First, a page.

What are the major highlights of the new draft constitution?" />

Georgia’s new constitution taking shape amid controversy

What are the major highlights of the new draft constitution?

In a new spike of vociferous controversy over Georgia’s planned constitutional changes, members of the opposition and NGOs who are part of a special constitutional commission developing the changes have threatened to take leave of the commission, saying the draft law it published on 10 April does not in any way reflect their criticisms and recommendations.

The commission has until the end of April to make new changes to the document and to come up with the final draft, which will then be put on the table in parliament. If the draft published on 10 April becomes law, the following will happen:

—Georgia’s president will no longer be directly chosen by ordinary voters. Instead, a system of indirect elections is going to be put in place where it will be up to 300 delegates to elect the president. The delegates will include 150 MPs, 26 members of the supreme councils of Ajara and Abkhazia, and 124 representatives of local administrations.

—The minimum age for presidential candidates will be increased from 35 to 40 years old, as will the residency requirement – from 5 to 15 years.

—Security and defense issues will no longer fall within the president’s purview, and the security council currently functioning under the president will be scrapped. It is only in times of military emergency that the president will preside over the national defense council.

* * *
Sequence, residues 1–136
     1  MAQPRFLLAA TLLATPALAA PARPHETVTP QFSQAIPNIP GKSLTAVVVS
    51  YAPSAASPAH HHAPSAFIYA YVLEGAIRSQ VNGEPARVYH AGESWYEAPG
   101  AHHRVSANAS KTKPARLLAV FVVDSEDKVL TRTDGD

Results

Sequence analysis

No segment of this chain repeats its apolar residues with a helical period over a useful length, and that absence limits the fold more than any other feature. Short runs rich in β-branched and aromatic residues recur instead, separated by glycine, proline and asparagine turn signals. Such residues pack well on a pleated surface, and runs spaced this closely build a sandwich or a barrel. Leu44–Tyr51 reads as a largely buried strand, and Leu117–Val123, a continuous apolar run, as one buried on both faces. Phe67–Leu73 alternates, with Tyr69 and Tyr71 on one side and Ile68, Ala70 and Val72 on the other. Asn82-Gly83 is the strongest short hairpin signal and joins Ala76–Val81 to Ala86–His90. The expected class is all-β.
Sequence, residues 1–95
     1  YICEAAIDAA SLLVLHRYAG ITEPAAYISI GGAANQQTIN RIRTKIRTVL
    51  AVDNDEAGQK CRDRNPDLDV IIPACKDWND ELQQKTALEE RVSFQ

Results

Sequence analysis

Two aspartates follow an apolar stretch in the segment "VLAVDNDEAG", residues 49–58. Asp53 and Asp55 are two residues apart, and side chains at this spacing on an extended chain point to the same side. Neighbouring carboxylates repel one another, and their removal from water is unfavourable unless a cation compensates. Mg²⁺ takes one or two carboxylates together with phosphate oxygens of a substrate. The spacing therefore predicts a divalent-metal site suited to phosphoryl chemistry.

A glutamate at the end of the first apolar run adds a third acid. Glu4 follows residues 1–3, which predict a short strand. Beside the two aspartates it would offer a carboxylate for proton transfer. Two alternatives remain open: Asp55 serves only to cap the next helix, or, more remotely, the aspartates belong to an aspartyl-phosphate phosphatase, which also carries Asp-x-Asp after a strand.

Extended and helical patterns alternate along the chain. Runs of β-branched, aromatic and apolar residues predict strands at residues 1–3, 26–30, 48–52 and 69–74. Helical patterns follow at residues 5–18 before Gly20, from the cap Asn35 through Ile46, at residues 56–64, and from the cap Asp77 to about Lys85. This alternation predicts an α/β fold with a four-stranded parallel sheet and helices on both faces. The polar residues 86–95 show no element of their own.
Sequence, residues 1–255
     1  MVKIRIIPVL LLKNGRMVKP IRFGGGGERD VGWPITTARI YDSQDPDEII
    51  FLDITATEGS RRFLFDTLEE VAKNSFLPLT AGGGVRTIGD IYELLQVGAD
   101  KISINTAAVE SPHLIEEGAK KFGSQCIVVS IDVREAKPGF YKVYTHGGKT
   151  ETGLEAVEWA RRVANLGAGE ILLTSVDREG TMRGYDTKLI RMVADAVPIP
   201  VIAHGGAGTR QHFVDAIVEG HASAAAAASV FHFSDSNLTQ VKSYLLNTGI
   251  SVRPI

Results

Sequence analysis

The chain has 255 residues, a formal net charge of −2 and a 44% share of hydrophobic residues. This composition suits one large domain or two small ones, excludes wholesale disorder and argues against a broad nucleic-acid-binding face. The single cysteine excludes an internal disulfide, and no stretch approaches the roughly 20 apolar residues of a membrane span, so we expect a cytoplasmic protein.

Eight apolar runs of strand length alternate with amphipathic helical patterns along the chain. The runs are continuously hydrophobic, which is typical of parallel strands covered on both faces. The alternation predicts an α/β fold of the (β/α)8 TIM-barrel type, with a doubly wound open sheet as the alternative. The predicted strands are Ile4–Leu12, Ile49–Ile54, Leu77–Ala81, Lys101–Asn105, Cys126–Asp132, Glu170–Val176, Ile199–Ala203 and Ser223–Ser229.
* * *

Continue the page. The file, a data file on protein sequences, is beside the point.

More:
—The president will no longer be the country’s highest-ranking representative in foreign relations.

—The president will no longer be entitled to nominate candidates for the posts of chairperson and judges of the supreme court. The supreme justice council will do it on their behalf.

—The current electoral system – a hybrid combining proportional and majoritarian election elements – will be replaced by one based solely on proportional representation.

—The minimum share of a total vote a party will need to obtain to get into the parliament – the so-called ‘electoral threshold’ – will remain set at 5%.

—The parliament will continue to reside in Kutaisi.

—A referendum will be called any time a tax needs to be established or increased, etc.

What kind of Constitution does Georgia’s ruling party want?


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